If you have been to the hospital or even a doctor’s office anywhere in the North Country, chances are that one of the nurses or radiologic technologists who took care of you was a North Country Community College graduate. Many local police and corrections officers, state troopers, business owners, athletic event organizers, artists, managers, counselors, teachers, etc. have begun and/or completed their education at NCCC. The success of these NCCC graduates has been built, in large part, by the full-time professional staff: the teaching faculty, librarians, athletic director, enrollment and financial aid counselors, and student affairs professionals, among others, whose job is to deal directly with students, to teach and advise them and coach them to success.
Because of our dedication, in 2010, NCCC was ranked the number one community college in New York State and number 22 in the nation by Washington Monthly. This was partly based on our good graduation rate and retention of students, and partly on the Community College Survey of Student Engagement, which showed that NCCC is above average in its care for students and ability to challenge and support them in their academic and personal journeys, just as the college mission states.
Unfortunately, the North Country Community College professional staff labor contract expired in 2009, at the height of the recession. As a result, despite our good work, we have not been able to negotiate a new contract and have not seen a pay increase in three years, while at the same time class sizes and instructional challenges have increased. We know that times have been hard all over, and we have kept on doing our jobs with the same dedication and effort despite the increased demands. All local organizations have been trying to do more with less since the recession began, and North Country Community College is no exception. The college has done more. Since spring 2009, annual enrollment has gone from 2,246 students to 2,847 as of spring 2011, while the number of professional staff has gone from 56 to 51, and yet the quality of the education we provide has remained just as high. It is time that we received some compensation for the extra burdens we have shouldered, especially given that the college does have the money in its budget.
The college has been very responsible with its money. It has not asked Essex or Franklin County to increase its financial support in the past three years. (Thus any increase in our salaries would not affect local tax rates.) Yet somehow during this time, the college has still been able to go from a negative fund balance to one of $3.1 million (in a budget of about $13 million). How was that possible? One way was to not give raises to professional staff, even when the staff of every other college in the region received an increase. Another was to let staff members go and not replace them, nor to replace others who left for a variety of reasons, thus increasing the workload on everyone else.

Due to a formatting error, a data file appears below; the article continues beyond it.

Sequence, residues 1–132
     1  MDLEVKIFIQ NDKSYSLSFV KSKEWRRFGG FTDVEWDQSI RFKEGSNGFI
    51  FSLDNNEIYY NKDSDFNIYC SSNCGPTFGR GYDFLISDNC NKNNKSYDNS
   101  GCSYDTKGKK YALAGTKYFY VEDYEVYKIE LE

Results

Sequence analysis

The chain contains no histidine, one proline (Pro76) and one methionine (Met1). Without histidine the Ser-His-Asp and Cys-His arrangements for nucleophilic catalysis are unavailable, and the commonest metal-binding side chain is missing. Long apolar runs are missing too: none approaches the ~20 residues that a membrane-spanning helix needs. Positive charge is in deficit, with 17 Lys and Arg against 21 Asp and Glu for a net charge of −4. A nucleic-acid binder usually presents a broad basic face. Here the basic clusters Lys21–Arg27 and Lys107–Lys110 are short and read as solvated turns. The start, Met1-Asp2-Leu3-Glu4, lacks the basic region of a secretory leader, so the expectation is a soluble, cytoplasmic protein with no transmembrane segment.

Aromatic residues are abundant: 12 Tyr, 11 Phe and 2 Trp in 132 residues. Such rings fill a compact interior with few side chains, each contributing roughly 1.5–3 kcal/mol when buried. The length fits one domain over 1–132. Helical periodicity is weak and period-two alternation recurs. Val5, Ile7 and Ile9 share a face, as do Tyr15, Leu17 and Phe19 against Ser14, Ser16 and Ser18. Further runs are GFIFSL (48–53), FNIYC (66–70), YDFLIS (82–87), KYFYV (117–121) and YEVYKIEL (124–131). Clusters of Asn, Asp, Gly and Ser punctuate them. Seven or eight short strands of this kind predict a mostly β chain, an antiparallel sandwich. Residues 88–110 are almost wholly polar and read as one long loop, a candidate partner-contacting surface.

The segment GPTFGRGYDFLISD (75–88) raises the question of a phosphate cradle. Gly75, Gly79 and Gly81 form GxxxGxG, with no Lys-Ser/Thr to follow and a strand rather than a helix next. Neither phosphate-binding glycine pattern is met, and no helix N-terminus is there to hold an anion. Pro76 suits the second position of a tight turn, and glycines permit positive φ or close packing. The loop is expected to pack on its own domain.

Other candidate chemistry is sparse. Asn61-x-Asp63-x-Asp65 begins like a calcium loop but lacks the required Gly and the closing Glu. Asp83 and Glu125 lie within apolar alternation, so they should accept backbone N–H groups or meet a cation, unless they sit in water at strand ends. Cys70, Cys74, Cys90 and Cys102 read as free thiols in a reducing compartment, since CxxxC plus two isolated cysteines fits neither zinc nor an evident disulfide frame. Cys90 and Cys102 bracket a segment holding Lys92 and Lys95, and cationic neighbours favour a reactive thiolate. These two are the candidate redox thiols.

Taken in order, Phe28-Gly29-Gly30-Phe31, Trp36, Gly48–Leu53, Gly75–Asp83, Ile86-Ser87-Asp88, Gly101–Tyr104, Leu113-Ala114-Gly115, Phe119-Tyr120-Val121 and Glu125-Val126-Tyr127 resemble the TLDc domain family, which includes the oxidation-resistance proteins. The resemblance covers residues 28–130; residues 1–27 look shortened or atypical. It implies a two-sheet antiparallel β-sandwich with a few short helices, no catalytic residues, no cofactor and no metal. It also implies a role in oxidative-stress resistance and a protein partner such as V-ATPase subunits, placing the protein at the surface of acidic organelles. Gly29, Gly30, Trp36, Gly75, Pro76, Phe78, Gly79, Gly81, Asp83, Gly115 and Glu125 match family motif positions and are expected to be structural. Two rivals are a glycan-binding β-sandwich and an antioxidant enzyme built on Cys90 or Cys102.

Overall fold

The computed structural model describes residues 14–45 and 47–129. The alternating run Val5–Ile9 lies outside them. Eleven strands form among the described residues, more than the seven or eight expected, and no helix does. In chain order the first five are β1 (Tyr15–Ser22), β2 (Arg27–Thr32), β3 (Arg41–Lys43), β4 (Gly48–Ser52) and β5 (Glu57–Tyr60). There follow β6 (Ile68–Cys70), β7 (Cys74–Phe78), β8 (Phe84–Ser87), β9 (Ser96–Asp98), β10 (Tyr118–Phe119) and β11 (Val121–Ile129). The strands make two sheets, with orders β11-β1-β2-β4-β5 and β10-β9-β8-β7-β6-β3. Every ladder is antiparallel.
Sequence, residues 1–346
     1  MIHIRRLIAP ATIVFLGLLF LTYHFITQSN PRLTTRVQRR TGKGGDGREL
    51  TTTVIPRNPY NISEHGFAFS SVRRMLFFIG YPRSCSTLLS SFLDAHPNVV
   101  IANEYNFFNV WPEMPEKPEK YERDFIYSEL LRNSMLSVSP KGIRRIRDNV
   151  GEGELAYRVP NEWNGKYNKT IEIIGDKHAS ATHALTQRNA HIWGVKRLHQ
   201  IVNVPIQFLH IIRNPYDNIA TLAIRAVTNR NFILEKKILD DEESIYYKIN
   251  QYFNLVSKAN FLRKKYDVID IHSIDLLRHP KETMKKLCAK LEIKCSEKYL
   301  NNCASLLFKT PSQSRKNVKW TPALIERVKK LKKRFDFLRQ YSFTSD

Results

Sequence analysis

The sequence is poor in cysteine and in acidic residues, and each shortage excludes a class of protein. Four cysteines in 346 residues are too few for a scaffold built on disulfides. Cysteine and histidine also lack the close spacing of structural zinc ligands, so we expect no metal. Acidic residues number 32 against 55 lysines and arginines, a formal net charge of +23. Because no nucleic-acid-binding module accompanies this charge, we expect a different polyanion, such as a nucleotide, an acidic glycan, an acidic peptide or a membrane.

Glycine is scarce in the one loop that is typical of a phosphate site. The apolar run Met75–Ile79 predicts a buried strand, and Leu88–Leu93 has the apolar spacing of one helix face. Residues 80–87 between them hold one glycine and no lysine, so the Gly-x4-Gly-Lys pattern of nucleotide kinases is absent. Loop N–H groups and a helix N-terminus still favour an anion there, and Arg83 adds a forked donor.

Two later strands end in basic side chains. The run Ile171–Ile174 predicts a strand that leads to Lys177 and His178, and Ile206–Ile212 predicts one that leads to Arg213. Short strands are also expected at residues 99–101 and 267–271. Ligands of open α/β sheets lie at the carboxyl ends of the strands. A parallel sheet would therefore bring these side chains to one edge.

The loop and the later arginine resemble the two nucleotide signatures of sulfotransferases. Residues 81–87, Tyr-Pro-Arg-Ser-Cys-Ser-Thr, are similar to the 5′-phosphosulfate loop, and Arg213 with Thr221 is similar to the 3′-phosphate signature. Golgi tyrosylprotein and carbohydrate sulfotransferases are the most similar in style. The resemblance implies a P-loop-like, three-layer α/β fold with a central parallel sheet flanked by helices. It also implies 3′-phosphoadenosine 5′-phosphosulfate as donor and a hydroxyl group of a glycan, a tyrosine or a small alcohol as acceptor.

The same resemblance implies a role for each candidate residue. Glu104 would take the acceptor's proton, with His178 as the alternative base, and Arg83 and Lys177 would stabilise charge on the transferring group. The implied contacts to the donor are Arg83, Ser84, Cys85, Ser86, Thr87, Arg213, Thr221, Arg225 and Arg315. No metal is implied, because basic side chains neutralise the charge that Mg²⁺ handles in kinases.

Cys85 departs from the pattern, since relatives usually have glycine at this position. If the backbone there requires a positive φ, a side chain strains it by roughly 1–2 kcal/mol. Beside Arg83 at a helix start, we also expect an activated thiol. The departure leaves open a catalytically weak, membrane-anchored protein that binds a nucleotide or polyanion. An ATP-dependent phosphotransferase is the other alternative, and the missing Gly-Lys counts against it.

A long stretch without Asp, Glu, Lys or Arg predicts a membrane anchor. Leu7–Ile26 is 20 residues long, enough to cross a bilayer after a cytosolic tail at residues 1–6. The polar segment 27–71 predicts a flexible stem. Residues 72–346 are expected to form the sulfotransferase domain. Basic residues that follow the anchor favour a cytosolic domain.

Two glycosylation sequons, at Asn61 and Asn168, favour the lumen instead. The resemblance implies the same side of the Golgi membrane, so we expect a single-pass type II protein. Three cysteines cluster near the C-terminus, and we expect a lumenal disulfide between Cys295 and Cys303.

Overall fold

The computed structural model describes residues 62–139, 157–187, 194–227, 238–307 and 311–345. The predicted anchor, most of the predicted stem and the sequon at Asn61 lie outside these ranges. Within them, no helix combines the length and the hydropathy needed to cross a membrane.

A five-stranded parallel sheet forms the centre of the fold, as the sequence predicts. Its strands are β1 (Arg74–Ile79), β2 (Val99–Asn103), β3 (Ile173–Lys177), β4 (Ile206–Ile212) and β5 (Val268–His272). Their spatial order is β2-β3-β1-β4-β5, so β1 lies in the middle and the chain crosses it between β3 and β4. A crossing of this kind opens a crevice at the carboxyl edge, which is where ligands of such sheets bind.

NCCC professional staff are already among the lowest paid of college faculty in New York State, not to mention of teachers in general. Our starting salary, for an instructor with a master’s degree, is 32 percent lower than that of Clinton Community College, 17 percent lower than that of Adirondack Community College, and 26 percent lower than that of the Lake Placid school district. Additionally, faculty at local colleges, and even workers in Essex and Franklin counties have received raises over each of the past three years, while we have not.
In addition to receiving lower pay, we contribute more of our health insurance costs than most other public employees do: between 10 and 25 percent of our premium costs. Our insurance itself is the state employee plan (NYSHIP), which is less expensive than what most school districts have.
No one goes into teaching or working with students solely for the money. We are all in education because we have a passion to help students succeed. But we still have to live. The college estimates that it has an economic impact on the region of about $50 million a year. A large part of that comes from staff members who buy homes, pay taxes, shop, do business, and own businesses here. Our staff members also serve on planning boards and environmental advisory committees, organize artistic events, publish scholarly articles, work against child abuse, maintain websites for local arts organizations and serve on their boards, bring Santa Claus to local children, and even raise money on our own for student activities. We organize student community service projects like massages for Ironman athletes and nursing home residents, blood pressure and cancer screening clinics, volunteering at the fire department, cleaning up wilderness areas, collecting food and toy donations, putting together community athletic clinics, and much more.
North Country Community College has been running its professional staff harder each year, without proper support or compensation. All members of the college community want to keep the highly qualified staff we currently have and continue providing a quality education to our students. So we urge you – graduates, parents of students, patients of well-trained nurses, proprietors of local businesses, whoever you might be – to tell the college administration, the Essex County supervisors and the Franklin County legislators that the NCCC professional staff needs a fair contract that accurately compensates us for the work we do to bring success to our students and our region.
This column was written by the North Country Community College Association of Professionals, represented by President Carol Vossler.